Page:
Here's Why This Jewish Dish Is One Of Michael Twitty's Favorite Foods

We've all got our comfort foods. Whether it's a flavor that reminds us of a simpler time in our lives or a dish that helps us feel connected to friends, family, and traditions, comfort food gives a sense of familiarity and security. And in doing so, it provides a means of articulating individual and cultural identity. As America's food culture develops, two principal genres of comfort food that have worked their way into the mainstream are Jewish and soul food.

Both cuisines represent cultures shaped by diaspora as they had to adapt and retranslate the cooking traditions of their homelands. In the process, much of the history and significance surrounding dishes and ingredients have been obscured or destroyed over time. But with the efforts of scholars like Michael Twitty, and his works such as "The Cooking Gene" and "Koshersoul," we can rediscover the origins of modern American cuisine, framed in a way that acknowledges the vital contribution oft-overlooked figures like enslaved cooks and immigrants made to our contemporary food culture. Through this lens, he's found one Jewish dish in particular that stands out from the rest.

Michael Twitty's favorite Jewish dish speaks to his culinary philosophy

As a chef, food writer, and culinary historian, Michael Twitty is renowned for his work in promoting and preserving African American foodways, tracing culinary traditions of the American South back to their origins in African food culture. But as a Jewish person of color and teacher of Judaic studies, Twitty also dedicated an entire book, "Koshersoul," to examining the commonalities and shared backgrounds between American soul food, African cuisine, and Jewish cooking resulting from the trauma of cultural diaspora. His blog, Afroculinaria, explores soul food's critical role in the creation and expression of African American identity, and his writings also chronicle the shifts in food cultures over time, Jewish cultural issues, and politics regarding consumption and cultural ownership.

One of the reoccurring themes through Twitty's books and lectures is the importance of knowing your ingredients' history and cultural significance in the dish. "Every time you use an ingredient, you think about the stories behind the food. And it makes the food into a different experience," he says. This culinary philosophy explains why when Jewish food site The Nosher asked his favorite Jewish dish, Twitty enthusiastically replied with the humble Ashkenazi comfort food kasha varnishkes.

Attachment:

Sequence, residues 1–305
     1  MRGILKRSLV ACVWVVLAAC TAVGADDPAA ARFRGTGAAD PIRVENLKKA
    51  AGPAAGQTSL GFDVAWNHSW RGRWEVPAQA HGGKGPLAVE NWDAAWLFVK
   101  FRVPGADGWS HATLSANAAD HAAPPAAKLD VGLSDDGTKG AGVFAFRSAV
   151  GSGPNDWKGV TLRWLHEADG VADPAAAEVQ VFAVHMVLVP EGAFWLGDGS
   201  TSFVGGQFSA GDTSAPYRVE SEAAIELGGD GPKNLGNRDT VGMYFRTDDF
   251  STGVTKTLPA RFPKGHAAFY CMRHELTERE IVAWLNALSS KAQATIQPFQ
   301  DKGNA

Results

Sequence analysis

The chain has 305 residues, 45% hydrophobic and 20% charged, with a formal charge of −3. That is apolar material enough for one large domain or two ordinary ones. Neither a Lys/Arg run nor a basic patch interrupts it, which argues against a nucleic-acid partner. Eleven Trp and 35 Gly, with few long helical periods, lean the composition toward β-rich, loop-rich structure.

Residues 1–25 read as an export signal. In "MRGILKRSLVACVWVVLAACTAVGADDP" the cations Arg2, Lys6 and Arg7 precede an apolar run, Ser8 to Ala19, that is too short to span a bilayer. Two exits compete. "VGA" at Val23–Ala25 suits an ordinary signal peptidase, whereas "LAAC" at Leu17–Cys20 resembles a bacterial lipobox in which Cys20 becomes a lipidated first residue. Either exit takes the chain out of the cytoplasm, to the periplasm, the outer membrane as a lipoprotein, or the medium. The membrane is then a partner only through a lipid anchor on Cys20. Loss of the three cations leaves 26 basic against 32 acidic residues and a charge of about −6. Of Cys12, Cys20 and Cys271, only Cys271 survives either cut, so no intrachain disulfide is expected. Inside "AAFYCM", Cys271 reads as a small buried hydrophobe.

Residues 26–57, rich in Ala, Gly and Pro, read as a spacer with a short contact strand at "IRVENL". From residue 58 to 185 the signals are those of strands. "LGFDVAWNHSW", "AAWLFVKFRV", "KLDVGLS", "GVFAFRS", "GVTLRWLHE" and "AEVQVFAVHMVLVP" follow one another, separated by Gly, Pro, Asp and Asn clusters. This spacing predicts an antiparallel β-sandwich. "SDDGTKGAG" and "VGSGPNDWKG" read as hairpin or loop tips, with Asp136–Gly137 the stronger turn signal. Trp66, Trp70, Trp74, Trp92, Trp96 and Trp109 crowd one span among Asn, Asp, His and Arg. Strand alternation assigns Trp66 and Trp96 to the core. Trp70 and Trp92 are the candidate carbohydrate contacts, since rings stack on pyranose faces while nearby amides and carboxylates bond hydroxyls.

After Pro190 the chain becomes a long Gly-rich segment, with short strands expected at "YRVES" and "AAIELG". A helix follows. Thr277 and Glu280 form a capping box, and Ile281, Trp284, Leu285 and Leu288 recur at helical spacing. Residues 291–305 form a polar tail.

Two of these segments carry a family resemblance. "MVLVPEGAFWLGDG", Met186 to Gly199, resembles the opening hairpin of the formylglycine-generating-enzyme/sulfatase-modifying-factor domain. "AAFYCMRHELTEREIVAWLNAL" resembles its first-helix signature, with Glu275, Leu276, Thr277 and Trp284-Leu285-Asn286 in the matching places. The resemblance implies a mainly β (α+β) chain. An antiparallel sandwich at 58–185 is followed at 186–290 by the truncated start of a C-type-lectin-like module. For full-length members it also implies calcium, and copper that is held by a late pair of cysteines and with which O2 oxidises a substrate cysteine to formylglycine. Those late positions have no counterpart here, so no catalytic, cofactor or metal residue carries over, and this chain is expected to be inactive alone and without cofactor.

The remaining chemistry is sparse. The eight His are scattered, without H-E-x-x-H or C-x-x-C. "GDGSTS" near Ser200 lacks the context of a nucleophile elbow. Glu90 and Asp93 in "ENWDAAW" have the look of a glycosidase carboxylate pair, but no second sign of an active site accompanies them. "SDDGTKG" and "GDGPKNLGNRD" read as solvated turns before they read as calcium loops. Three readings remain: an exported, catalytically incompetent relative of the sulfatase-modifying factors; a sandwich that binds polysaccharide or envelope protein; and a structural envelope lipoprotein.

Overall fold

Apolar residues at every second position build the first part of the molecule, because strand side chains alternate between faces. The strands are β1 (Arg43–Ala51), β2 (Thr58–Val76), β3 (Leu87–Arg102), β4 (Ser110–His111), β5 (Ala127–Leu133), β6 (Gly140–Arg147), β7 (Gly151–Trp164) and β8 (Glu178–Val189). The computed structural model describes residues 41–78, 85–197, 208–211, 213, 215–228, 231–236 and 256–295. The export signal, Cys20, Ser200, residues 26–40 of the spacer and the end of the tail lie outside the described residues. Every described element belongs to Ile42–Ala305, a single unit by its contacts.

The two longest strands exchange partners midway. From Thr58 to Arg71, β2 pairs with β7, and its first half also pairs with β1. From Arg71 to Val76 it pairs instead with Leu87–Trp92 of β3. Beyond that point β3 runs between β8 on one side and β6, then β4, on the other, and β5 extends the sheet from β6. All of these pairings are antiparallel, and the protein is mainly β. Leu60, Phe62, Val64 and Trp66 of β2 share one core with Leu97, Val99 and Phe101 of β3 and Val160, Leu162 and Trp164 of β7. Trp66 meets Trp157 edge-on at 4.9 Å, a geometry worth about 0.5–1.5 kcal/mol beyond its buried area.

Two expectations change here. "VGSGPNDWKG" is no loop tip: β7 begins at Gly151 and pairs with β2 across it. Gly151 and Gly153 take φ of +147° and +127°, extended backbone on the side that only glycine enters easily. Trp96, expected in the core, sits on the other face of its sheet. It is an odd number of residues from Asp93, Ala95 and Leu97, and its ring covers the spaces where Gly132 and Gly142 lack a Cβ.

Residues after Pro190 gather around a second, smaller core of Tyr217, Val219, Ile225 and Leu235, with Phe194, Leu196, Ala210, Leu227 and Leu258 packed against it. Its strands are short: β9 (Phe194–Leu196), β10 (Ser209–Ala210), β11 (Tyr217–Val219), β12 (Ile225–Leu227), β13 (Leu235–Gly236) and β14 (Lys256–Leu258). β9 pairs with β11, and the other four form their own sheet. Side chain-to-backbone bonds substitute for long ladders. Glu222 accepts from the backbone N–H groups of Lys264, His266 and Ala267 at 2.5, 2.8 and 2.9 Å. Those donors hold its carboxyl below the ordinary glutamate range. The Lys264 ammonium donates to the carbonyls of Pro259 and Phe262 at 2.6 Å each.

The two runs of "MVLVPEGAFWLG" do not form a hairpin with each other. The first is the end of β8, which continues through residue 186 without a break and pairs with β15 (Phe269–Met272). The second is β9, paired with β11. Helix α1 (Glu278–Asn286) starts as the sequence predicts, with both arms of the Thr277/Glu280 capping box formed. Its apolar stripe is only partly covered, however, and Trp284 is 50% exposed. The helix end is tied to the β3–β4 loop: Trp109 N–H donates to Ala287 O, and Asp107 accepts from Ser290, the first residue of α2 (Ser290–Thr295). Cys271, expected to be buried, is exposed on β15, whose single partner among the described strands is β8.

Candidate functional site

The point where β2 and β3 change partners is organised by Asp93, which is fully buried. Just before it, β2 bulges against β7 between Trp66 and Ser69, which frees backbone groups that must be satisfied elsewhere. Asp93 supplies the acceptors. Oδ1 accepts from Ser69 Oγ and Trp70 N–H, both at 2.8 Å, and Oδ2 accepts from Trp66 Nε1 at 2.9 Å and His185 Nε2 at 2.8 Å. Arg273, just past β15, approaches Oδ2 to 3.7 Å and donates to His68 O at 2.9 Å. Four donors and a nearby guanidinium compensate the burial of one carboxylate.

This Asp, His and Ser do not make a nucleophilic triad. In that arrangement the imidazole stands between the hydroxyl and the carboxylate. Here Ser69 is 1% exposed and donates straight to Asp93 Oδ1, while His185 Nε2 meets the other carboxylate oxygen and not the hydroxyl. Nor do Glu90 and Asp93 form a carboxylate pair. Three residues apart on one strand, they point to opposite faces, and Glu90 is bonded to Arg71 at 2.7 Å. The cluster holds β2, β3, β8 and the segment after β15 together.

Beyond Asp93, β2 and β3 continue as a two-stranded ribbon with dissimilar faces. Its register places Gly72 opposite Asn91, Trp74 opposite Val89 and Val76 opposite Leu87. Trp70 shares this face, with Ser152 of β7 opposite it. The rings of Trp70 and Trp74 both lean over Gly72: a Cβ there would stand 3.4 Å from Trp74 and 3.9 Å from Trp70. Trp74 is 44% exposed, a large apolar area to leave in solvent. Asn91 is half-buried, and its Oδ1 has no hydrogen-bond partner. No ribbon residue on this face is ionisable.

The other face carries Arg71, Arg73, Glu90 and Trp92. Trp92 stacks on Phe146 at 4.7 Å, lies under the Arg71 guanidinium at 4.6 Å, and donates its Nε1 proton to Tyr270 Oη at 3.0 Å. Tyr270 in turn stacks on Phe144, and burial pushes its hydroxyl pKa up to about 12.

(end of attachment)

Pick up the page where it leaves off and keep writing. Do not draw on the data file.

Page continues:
"I think sometimes people don't take the time with these middle-of-the-road, classic Ashkenazi dishes," explained Twitty. "You've got to use fresh herbs and real schmaltz." For Twitty, the elegance of kasha varnishkes is its simplicity, letting the quality of the ingredients shine through. in doing so, we honor the history and culture of the people who preserve traditional foodways, and learn to understand ourselves in relation to history, consumption, and cultural identity. 

The cultural roots of kasha varnishkes

Kasha varnishkes, per Fifth Season, is an Ashkenazi noodle dish made of buckwheat groats, bow-tie noodles, and sauteed onions. According to the Encyclopedia of Jewish Food, kasha (or hulled buckwheat kernels) originated in Slavic regions of Southeastern Europe, and the term generally refers to any general hot cereal or porridge. Over time, Jews of Ukraine began using this porridge, along with meats and onions, as filling for dumplings known as kashe vareniki, which were more pierogi-like than the noodle dish we know today, details The Nosher. Kasha varnishkes later developed into its current, deconstructed form of mixed noodles and buckwheat groats, having been brought over to America by Jewish immigrants from Eastern Europe who then, Jewish cultural education program Aish suggests, met and adapted alongside Italian pasta makers living in New York City.

Like most comfort foods, kasha varnishkes evolved over generations of migrations, adaptations, and reinterpretations. But with each new rendition, the essence of comfort, nostalgia, and spiritual connection lives on. By rediscovering the history of comfort foods like this one, Michael Twitty seeks to preserve and venerate the legacy of cooks that history has often overlooked. Knowing about the history of the dishes we're consuming allows us to have a much deeper appreciation for the ingredients, the cultures, and the people who brought them together. When we do, Twitty celebrates to The Nosher, those dishes and experiences "become really awesome. It makes my heart sing."